Skull Damage, Super Jumbos, and The Plague: Time to Fly

Recent events have me thinking.

More or less.

A theory: head injuries are a factor, if not a major factor, influencing the course of personal and collective human experience and history. The head injury holds its own with disease in this regard.

What say you?

Consider this.

Was the infant Donald Trump dropped on his melon more than once by a careless, perhaps malevolent nanny? Any doubt?

Did a bike accident, despite his use of training wheels, leave 13-year-old Mitch McConnell unconscious and convulsing on an Athens, Alabama sidewalk? Odds are good.

I read that Roseanne Barr was hit by a car and took one to the noggin, and that Bill Clinton lacks impulse control due to a playground injury suffered in third grade.

There you have it.

Need more?

Hitler? The murderous mutant believed a member of the National Socialist German Workers Party could beat Jesse Owens and Ralph Metcalfe in a sprint. Pretty clear case of a mangled noodle here, eh?

Gary Busey? For sure.

Joan of Arc? Of course. Probably took several blows to the brain case during the siege of Orleans alone.

Albert Einstein and Florence Nightingale? Without question, but these things occasionally work for the best.

Me?

You bet.

I am, in great part, the product of a series of closed head injuries. Add to this a sterling record of substance abuse, and a life spent at high altitude with it’s dearth of oxygen (I’ve loitered at least a mile above sea level most of my life, the exception being time spent on the spine dividing the lower east and west sides of the fine isle of Manhattan). I am  proof that damage to the lid on the thought box affects behavior in profound ways.

My series of injuries begins when I am 12 and that despicable asshole Danny nails me with a bat during a pickup game in the alley, demolishing the right side of my frontal lobe. My behavior shifts dramatically as bruised gray matter malfunctions: I go quickly from being a cuddly and myopic little fat guy, to a rabid predator, set loose in the lambing pen. It’s not that I notice the change, subjectivity being what it is, but those close to me mention it. Elders regularly tell me “Karl, you’re crazy as a bedbug. Why don’t you shape up and fly right?” These relatives rely on World War II jargon to the ends of their lives, bed bugs, and shaping up and flying right, remaining favorites.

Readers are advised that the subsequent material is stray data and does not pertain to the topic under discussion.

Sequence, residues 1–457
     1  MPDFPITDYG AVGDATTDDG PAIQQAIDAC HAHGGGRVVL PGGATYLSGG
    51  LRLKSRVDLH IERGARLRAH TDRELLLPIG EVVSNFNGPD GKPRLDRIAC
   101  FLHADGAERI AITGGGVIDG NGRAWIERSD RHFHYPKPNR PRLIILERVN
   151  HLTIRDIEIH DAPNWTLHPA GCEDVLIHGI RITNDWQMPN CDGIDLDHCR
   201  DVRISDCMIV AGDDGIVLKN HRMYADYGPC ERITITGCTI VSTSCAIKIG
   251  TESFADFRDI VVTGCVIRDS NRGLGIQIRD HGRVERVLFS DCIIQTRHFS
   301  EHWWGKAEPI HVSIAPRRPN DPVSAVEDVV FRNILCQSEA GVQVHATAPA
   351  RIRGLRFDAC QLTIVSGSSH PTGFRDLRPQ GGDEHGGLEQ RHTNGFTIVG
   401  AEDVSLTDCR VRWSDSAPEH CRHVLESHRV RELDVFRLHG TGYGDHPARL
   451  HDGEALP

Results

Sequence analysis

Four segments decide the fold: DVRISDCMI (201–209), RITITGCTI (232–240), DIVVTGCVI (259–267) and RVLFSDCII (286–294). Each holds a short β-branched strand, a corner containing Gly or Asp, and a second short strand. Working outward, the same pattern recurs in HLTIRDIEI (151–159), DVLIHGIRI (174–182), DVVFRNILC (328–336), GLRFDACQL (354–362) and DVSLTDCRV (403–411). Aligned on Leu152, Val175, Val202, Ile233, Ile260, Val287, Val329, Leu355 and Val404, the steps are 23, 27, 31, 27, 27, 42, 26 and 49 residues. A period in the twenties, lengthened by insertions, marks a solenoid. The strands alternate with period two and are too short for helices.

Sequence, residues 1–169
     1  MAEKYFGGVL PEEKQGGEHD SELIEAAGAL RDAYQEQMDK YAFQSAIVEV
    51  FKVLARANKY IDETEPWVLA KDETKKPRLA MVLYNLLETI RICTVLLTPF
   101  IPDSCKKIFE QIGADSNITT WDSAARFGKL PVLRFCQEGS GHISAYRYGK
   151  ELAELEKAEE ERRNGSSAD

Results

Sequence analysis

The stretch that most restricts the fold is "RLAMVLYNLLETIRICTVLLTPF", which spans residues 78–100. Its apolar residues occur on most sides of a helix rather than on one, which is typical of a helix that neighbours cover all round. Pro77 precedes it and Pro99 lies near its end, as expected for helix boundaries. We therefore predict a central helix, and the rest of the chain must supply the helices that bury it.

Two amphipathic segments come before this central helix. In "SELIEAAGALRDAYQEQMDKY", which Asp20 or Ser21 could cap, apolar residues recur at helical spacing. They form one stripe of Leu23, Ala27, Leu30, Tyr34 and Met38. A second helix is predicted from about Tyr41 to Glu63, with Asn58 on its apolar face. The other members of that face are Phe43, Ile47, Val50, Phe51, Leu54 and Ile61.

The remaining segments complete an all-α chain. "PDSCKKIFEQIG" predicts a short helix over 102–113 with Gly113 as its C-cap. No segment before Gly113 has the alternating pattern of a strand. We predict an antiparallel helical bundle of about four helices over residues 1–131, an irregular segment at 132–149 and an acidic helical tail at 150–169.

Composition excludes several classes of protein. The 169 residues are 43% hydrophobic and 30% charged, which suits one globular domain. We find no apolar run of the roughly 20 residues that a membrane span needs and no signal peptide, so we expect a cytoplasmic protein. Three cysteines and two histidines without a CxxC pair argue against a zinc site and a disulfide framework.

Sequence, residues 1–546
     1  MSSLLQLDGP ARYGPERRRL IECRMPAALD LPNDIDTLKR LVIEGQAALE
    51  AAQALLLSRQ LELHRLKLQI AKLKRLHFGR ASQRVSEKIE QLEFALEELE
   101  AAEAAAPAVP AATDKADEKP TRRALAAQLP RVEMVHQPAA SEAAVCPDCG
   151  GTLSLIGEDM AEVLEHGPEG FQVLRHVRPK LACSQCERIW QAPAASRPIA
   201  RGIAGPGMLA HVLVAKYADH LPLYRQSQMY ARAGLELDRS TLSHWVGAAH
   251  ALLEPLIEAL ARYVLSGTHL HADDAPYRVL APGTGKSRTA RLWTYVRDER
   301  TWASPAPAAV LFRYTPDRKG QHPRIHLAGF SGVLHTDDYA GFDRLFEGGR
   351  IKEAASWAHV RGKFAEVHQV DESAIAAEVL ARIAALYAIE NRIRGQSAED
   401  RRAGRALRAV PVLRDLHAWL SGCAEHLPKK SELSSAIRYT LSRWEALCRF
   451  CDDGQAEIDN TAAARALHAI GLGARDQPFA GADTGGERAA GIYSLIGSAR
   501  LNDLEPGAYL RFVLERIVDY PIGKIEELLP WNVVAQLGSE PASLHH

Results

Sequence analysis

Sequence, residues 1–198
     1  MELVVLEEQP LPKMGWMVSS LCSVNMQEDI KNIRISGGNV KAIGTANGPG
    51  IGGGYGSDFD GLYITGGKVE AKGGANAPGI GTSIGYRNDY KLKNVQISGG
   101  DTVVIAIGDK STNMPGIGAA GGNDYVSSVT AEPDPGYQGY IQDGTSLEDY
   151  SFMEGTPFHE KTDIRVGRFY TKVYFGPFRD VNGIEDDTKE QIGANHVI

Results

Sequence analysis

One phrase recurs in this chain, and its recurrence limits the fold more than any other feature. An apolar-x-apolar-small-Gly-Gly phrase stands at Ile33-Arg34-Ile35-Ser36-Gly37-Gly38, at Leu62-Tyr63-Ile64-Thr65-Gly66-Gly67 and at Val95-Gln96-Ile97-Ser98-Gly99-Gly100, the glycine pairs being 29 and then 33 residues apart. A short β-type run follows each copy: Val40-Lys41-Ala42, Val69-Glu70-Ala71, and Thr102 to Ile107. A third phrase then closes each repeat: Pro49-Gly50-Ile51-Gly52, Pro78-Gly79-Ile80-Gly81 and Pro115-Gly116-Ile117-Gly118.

Damage your frontal lobe and you’re off to the races in terms of an inability to concentrate for more than a minute or two, a lack of planning skill and judgment, unpredictable emotional expression, little inhibition, sporadic creativity. I know this; I possess full-color illustrations of the parts of the brain, and articles concerning the alleged functions served by each of the parts.

As an aside: the charts also aid in my recent self-diagnosis of a basal ganglia disturbance that causes a mild music hallucination in the form of the sound of a radio or television news broadcast being played several rooms away. The words are unintelligible but, due to pitch and rhythm of delivery, the sounds are recognizable as elements in a report of consequence. I hear this if I wake in the middle of the night, when the only other sound is that of the furnace.

In the years after that special-needs fuckface Danny drives me to the asphalt in a Denver alley, I add a number of other concussions to the mix.

One of these occurs when, as a high school football player, I look down the field before a kickoff, and spot the biggest guy on the Gilpin County Eagles squad — a 6’2” monobrow bruiser descended from three generations of illiterate hard rock miners, a specimen topping out at around 220. I’m pretty sure the goof has his wife and kids at the game, as well as his parole officer. “He’s mine,” I murmur to a testosterone flooded me as the ball is put in play, as players gallop forward to close the gap. That’s the last thing I remember of that day. They tell me I play the rest of the game after I’m revived, and drive home after. For several weeks, I sit in class watching teachers write indecipherable gibberish on blackboards, listening to them babble nonsense in a Central Pashto dialect. I drive to and from school; I’m not aware of it. I don’t recognize what I eat for lunch.

During the next couple of years, I participate in several violent collisions while playing hockey, and regain consciousness each time stretched out on my back, blinking, gazing at the auras surrounding the lights hanging above the ice surface at the old University of Denver arena.

The most notable of these experiences takes place shortly after I spot the biggest player on a team from Omaha — a hirsute defenseman with no front teeth and drool tracks on the front of his emerald green jersey.

Same basic scenario: “He’s mine.”

To this day, I see those arena lights in my mind’s eye. There are twenty-four of them.

From these blows forward I am increasingly impulsive, unreliable, given to excess, an addictive personality lacking in judgment, convinced at every moment that I am going to die before the next dawn. I self medicate, heavily.

It’s me! I’ve arrived.

The sense of pending death plays a big role in a current problem, a dilemma propelled by the two primary drivers of human experience: head injury and disease.

I know I will die after I play host to the coronavirus — the star of the health crisis du jour.